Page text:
Cash is more than just coins and currency in the business world. It also includes checks, credit card transactions and money orders. By using best practice techniques for handling cash, you help reduce errors and ensure accountability, even if the amount of cash you handle is low. By creating and implementing cash handling controls, you can create an efficient process for managing outgoing payments and money you receive.
Keep track of the individuals that have access to a company’s cash and note each person’s cash-handling responsibilities. You should know where your company’s cash is at all times and be able to trace irregularities to specific individuals. You can achieve this by making sure each payment has a cash receipt issued and recorded, giving each customer a receipt and documenting any transfers. A supervisor should always approve voided or refunded transactions and verify cash deposits.
When one or two have the responsibility to handle cash, there is a greater risk of fraud. By separating cash handling duties among several individuals, a single person cannot have control over the cash handling process. Have different individuals record cash payments to bookkeeping records, receive money, deposit funds, reconcile cash payments in bookkeeping records pay bills and hand out paychecks. When you separate cash handling duties, each individual is accountable to the others in the cash handling process.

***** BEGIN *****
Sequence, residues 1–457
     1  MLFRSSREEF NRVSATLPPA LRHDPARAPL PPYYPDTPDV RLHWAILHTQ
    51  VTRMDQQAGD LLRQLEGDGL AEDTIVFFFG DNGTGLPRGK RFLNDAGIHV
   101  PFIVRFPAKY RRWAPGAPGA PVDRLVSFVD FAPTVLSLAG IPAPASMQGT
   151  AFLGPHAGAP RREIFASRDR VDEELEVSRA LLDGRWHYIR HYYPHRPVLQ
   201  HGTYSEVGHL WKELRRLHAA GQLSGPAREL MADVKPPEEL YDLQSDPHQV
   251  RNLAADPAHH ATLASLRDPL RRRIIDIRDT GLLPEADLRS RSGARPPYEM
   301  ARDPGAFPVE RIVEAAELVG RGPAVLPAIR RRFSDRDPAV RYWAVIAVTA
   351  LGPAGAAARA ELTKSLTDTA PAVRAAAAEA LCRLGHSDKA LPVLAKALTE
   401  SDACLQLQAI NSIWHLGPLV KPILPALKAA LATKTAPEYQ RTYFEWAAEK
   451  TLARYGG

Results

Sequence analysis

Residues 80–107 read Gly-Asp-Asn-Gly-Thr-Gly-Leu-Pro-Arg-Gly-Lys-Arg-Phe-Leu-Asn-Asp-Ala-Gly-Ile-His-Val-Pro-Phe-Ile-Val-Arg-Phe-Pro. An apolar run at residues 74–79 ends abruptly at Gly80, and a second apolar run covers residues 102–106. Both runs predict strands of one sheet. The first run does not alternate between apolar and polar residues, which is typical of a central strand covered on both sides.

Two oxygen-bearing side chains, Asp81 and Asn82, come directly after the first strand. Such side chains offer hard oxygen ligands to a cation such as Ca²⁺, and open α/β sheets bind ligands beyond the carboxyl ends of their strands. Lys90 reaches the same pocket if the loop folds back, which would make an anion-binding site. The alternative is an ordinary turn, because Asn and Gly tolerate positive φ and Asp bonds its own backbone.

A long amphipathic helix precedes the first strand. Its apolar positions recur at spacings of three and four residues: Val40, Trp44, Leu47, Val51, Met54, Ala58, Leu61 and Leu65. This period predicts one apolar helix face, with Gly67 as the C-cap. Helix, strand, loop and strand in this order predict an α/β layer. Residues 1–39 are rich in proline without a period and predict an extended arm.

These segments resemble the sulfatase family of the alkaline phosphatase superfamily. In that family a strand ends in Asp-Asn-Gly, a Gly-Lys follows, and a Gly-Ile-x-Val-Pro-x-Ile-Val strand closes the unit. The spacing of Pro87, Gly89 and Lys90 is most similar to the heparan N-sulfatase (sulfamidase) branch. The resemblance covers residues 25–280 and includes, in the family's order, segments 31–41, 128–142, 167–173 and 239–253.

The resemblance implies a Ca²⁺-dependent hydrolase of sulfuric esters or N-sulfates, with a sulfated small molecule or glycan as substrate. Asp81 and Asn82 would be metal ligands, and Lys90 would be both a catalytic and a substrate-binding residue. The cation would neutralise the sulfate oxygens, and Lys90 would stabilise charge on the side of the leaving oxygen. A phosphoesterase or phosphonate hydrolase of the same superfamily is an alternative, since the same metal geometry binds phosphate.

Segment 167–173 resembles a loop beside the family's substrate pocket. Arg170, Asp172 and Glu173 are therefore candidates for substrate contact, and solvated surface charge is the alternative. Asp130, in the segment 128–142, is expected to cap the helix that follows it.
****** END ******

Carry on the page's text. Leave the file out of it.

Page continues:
When you have cash reconciliation practices in place, you can confirm that employees recorded the cash transactions correctly and have a system of checks and balances. At minimum, you should check your bank statements against your cash receipts and deposits on a monthly basis. In addition to recording cash payments as soon as you receive them, count and balance your cash receipts every day and compare all receipts with deposit slips. In addition to a scheduled monthly cash reconciliation, conduct a surprise check of the bookkeeping records every month.
Whenever a business handles cash, it is important to keep the money and employees safe. To protect your financial assets, always conduct background checks on prospective employees before extending job offers. Always keep cash locked in a safe place and detail your cash-handling policy in the employee handbook. Limit the number of people who have access to cash to as few as possible and only give passwords and combinations to approved staff. Every year, or whenever an employee who handles cash leaves the company, change all the combinations and passwords. Whenever an employee counts cash, she should do so in a location that the public or customers cannot see. When taking cash from one place to another, like to make a deposit or if your business has a large campus, use the buddy system. Always minimize the amount of cash at your business overnight so you do not suffer a large loss in the event of a fire or theft.
- Inc.; The Art of Cash Management; October 2000
- UC Santa Cruz: Basic Cash Control: Principles & Practices
- Ohio Auditor of State Mary Taylor’s Best Practices; Accountability for Public Money; Mary Taylor, CPA; Fall 2007
- Colorado State University; Cash Handling & Other Treasury Issues; Brian Grube and Zach Campain; January 2010
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